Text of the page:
IT managers think of most technologies in the data center as layers. There are the seven layers of the Open Systems...
Interconnection networking model, the layers of server management and the layers of security.
But if you mention layers and desktop virtualization in the same sentence, all sorts of questions arise such as how can you layer a desktop experience, what makes up the layers of a desktop, how can layers improve virtual desktop infrastructure (VDI), and how will layers affect the end-user experience? The best approach to understanding the concept of a layered virtual desktop is to think of it in terms of a layered cake that consists of the elements of a virtual desktop.
The layer-cake model
Simply put, the layer-cake model is the device + operating system + applications + user data. Ideally, each layer (except for the device) is virtualized. This provides deployment flexibility and enhanced agility, as well as a cost savings, since the layers can be replicated and managed independently.
Furthermore, the layer cake allows VDI technologies to provision a virtual machine (VM) and then to assemble the various layers to create the virtual desktop requested by the end user. By having each element virtualized, IT administrators can quickly change operating systems, control which applications are delivered to the desktop and have granular control over the data presented on the virtual desktop.
The layer-cake model is not new. Companies like Citrix have promoted the benefits of such a method for several years through its application streaming products (XenApp) and its virtual desktop products (XenDesktop).
However, what is new is the application of the layer-cake model to VDI.
The differences between a layered VDI management scheme and the layer-cake model used with something like Citrix XenDesktop are subtle, as summed up in the adage, "VDI is desktop virtualization, but desktop virtualization is not VDI." In other words, there are several delivery models for virtual desktops; VDI is just one of them.
Looking at the layer-cake model from that point of view, there are clearly different use cases, each affecting the viability of the model.
The layer-cake approach makes the most sense in a virtualized environment that relies on a persistent connection and uses high-speed links. In this situation, the layers of computing can be controlled in two ways: The VM can be provisioned in real time -- upon user access -- or it can be pre-provisioned prior to end-user availability.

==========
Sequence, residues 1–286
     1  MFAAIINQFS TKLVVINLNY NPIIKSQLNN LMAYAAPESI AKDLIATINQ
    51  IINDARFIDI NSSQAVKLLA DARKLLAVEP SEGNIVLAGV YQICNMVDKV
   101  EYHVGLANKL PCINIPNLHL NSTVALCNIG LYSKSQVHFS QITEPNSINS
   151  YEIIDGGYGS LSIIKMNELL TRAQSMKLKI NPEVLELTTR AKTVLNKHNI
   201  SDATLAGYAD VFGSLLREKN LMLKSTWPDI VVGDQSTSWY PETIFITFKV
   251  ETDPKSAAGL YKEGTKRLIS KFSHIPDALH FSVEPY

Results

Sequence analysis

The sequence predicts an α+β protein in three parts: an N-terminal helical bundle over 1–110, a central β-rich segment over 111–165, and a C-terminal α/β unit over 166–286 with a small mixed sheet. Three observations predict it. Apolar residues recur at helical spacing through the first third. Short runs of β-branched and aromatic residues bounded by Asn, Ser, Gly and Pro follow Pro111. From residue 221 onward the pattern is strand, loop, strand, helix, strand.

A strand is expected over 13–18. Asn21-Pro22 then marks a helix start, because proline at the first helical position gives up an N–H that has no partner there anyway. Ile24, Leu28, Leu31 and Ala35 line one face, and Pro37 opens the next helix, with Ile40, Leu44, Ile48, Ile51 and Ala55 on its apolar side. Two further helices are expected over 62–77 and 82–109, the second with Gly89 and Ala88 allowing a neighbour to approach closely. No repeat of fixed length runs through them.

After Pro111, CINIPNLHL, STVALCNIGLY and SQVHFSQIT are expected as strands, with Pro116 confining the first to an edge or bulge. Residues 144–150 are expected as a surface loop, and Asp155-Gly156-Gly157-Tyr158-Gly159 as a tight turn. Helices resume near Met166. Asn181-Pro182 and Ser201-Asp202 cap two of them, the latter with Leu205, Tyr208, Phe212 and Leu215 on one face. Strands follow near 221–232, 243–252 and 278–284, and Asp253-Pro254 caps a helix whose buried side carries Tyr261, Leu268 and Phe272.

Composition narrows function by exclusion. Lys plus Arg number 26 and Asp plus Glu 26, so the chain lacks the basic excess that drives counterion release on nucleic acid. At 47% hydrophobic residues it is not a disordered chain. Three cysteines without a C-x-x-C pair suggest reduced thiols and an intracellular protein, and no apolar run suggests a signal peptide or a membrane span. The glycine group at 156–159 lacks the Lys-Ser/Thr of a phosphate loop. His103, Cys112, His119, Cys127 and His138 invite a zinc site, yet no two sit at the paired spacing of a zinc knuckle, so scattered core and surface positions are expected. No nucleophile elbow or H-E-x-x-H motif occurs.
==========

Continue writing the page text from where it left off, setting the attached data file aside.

The first method assembles the VM -- OS, apps and user data -- when the user attempts to access a virtual desktop. Although this method causes a delay while the VM is being assembled, the user is guaranteed to have the latest operating system, apps, policies and settings whenever he starts a new session.
In the second method, the layers are used to build virtual machines for later deployment. Users get instant access to their virtual desktops while the administrator has granular control over the OSes deployed and the applications, policies and user data made available. In addition, the admin can selectively apply patches, upgrades and other changes for all available VMs. However, most VDI technologies don't support a layer-cake model. Therefore, to incorporate the application virtualization component into the layer cake, IT needs to look into third-party products, such as AppSense or App-V, which increase costs.
The layer-cake model will be adopted once market forces prove that it reduces the operational costs and management chores associated with VDI and hosted desktops. Until then, the best bet for those looking to layered virtualization to solve their support and expense woes is to wait until the technology matures and becomes a tightly integrated component of a VDI product.
ABOUT THE AUTHOR:
Frank Ohlhorst is an IT journalist who has also served as a network administrator and applications programmer before forming his own computer consulting firm.